Victory for holidaymaker who took Tui to court over stomach bug on Turkey holiday: IT consultant, 61, wins nine-year ‘David vs Goliath’ legal battle for ‘£30,000’ payout after claiming he fell sick after eating at all-inclusive hotel
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A man who suffered serious problems from an upset stomach on holiday in Turkey has won a Supreme Court battle for compensation after a decade-long battle with travel firm Tui.

Peter Griffiths, 61, says he became unwell while staying at Aqua Fantasy Aqua Park hotel in Izmir with his wife and son in 2014.

Mr Griffiths was previously handed a £29,000 payout in 2020 but this was overturned by the Court of Appeal the following year, which found against his claim that his illness was caused as a result of eating at the all-inclusive hotel.

IT consultant Mr Griffiths took his case to the Supreme Court and five judges have now ruled in favour, after stating that he not have a fair hearing.

The judges indicated, at an earlier stage, that any compensation awarded would be about £30,000. 

Mr Griffiths, of Fleet, Hampshire, said: ‘I am delighted, but also very relieved, that the Supreme Court has ruled in my favour.

Peter Griffiths, 61, has won a compensation battle with travel firm Tui after he suffered long-term problems from an upset stomach while on holiday in Turkey

Peter Griffiths, 61, has won a compensation battle with travel firm Tui after he suffered long-term problems from an upset stomach while on holiday in Turkey

Mr Griffiths became ill while staying at Aqua Fantasy Aqua Park hotel in Izmir with his wife and son in 2014.

Mr Griffiths became ill while staying at Aqua Fantasy Aqua Park hotel in Izmir with his wife and son in 2014.

Tui argued against Mr Griffiths' claim that his illness was caused as a result of eating at the all-inclusive hotel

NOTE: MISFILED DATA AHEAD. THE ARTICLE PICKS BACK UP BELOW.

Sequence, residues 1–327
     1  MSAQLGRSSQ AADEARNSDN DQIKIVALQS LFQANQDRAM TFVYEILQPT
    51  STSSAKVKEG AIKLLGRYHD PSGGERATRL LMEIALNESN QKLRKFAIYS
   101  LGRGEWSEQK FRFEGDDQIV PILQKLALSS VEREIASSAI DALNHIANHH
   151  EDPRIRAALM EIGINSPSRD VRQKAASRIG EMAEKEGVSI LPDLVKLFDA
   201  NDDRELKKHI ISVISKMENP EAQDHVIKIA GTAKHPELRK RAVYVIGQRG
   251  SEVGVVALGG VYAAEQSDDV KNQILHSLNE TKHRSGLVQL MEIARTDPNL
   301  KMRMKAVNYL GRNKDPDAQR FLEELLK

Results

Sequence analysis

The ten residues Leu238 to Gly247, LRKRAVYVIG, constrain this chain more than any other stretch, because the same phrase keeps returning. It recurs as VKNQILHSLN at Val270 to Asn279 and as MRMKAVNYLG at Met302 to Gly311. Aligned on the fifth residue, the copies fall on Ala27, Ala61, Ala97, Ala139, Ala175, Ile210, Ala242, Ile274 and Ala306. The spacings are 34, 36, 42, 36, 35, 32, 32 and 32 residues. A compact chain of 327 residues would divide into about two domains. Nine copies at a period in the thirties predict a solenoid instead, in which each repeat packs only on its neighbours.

Tui argued against Mr Griffiths’ claim that his illness was caused as a result of eating at the all-inclusive hotel

‘Following so many years of litigation, my case has taken a toll on my family and I, but I now feel vindicated that justice has been served by the highest court in the land, allowing us to move on with our lives.’

Justices Lord Hodge, Lord Lloyd-Jones, Lord Briggs, Lord Burrows and Lord Stephens had considered arguments at a Supreme Court hearing in London.

They upheld the challenge to a ruling by Court of Appeal judges on Wednesday.

Lord Hodge explained, in a written Supreme Court judgment, how the dispute centred on a report by the medical expert.

Lord Hodge said the expert had ‘opined that, on the balance of probabilities, the food or drink served at the hotel was the cause of Mr Griffiths’ stomach upset’.

Tui had not required the expert to attend a county court trial for cross-examination.

But lawyers representing Tui had persuaded the trial judge that ‘deficiencies in the expert’s report’ meant that Mr Griffiths had ‘failed to prove his case’.

‘The appeal raises a question of the fairness of the trial,’ said Lord Hodge.

‘The question is whether the trial judge was entitled to find that the claimant had not proved his case when the claimant’s expert had given uncontroverted evidence as to the cause of the illness.’

He concluded that Mr Griffiths had not had a fair trial – and the four other justices agreed.

This map shows the location of the Aqua Fantasy Aqua Park Hotel and Spa in Izmir, Turkey

This map shows the location of the Aqua Fantasy Aqua Park Hotel and Spa in Izmir, Turkey

He said he took all of his meals at the hotel, which boasts six restaurants (one pictured) and nine bars along with a huge water park

He said he took all of his meals at the hotel, which boasts six restaurants (one pictured) and nine bars along with a huge water park

‘Both the trial judge and the majority of the Court of Appeal erred in law in a significant way,’ added Lord Hodge.

‘The trial judge did not consider the effect on the fairness of the trial of TUI’s failure to cross-examine (the expert).’

Lord Hodge added: ‘In my view… Mr Griffiths did not have a fair trial.’

Lawyer Jatinder Paul, who represented Mr Griffiths and is based at law firm Irwin Mitchell, said after the ruling: ‘It’s been tough for Peter since 2014, dealing with the ongoing effects of his illness while also dealing with a David v Goliath legal battle against a tour operator with very deep pockets.’

He added: ‘Following years of litigation, and numerous legal challenges, we’re delighted that the Supreme Court has now ruled that Peter did not receive a fair trial.’



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